An international cybercrime scheme caused Internet users in more than 60 countries to purchase more than one million bogus software products, causing victims to lose more than $100 million, according to a federal indictment returned here against a Cincinnati area man and two other men believed to be living abroad. The charges allege that the defendants, through fake advertisements placed on various legitimate companies' websites, deceived Internet users into falsely believing that their computers were infected with "malware" or had other critical errors to induce them to purchase "scareware" software products that had limited or no ability to remedy the purported, but nonexistent, defects. The alleged scheme is widely regarded as one of the fastest-growing and most prevalent types of Internet fraud.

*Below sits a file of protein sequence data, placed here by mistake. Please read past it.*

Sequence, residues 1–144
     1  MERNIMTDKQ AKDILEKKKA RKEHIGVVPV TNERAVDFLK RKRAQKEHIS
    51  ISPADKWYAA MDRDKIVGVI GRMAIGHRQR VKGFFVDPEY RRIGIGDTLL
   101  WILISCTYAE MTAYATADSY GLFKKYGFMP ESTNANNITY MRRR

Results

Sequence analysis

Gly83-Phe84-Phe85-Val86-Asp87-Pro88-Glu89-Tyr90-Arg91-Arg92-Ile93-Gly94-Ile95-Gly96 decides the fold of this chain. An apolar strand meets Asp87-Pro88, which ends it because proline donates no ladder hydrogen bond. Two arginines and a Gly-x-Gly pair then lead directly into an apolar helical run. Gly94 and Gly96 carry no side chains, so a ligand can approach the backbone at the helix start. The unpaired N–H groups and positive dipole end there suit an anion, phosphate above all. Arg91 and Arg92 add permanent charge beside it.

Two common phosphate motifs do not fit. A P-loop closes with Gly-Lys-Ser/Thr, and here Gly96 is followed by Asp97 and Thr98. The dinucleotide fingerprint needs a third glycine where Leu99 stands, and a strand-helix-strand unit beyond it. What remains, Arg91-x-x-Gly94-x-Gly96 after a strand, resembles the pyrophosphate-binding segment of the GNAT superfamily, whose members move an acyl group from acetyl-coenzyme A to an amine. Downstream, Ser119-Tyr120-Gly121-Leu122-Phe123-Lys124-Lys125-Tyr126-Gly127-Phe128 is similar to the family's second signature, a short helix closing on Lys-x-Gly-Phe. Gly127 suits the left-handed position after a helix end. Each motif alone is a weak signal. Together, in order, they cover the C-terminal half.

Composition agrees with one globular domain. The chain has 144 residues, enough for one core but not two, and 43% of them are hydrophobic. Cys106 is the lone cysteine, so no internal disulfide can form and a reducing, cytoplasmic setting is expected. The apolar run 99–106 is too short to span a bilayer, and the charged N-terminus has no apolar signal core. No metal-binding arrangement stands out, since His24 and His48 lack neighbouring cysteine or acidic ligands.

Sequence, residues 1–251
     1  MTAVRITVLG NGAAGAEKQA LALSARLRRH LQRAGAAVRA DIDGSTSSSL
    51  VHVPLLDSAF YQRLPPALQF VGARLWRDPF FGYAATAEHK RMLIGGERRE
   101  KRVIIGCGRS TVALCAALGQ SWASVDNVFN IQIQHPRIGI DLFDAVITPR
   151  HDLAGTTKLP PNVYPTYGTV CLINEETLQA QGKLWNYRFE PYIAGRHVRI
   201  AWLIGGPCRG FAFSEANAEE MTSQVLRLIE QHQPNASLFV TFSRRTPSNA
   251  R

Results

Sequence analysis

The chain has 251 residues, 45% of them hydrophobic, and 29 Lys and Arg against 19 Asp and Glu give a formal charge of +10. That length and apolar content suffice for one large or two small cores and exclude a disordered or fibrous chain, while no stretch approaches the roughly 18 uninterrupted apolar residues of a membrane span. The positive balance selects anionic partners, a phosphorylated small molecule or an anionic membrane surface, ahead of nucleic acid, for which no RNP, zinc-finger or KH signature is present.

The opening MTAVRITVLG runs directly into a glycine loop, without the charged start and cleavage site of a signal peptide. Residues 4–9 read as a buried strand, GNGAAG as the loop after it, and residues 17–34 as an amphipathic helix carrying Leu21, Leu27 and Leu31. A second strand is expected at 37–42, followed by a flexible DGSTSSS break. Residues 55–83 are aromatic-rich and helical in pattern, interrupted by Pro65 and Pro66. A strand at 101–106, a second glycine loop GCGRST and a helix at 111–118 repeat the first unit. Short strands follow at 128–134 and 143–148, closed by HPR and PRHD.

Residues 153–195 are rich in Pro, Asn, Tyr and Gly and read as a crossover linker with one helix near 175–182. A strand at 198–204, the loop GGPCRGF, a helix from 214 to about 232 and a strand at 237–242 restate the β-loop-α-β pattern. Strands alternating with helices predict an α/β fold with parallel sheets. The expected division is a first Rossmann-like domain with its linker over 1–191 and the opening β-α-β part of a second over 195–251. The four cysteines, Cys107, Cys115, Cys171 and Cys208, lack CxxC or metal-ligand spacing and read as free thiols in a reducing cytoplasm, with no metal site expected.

Two defendants, Bjorn Daniel Sundin and Shaileshkumar P. Jain, with others owned and operated Innovative Marketing Inc. (IM), a company registered in Belize that purported to sell anti-virus and computer performance/repair software through the internet and that operated a subsidiary called Innovative Marketing Ukraine, located in Kiev. The company appeared to close down last year after the U.S. Federal Trade Commission filed a federal lawsuit in Maryland seeking to end the allegedly fraudulent practices.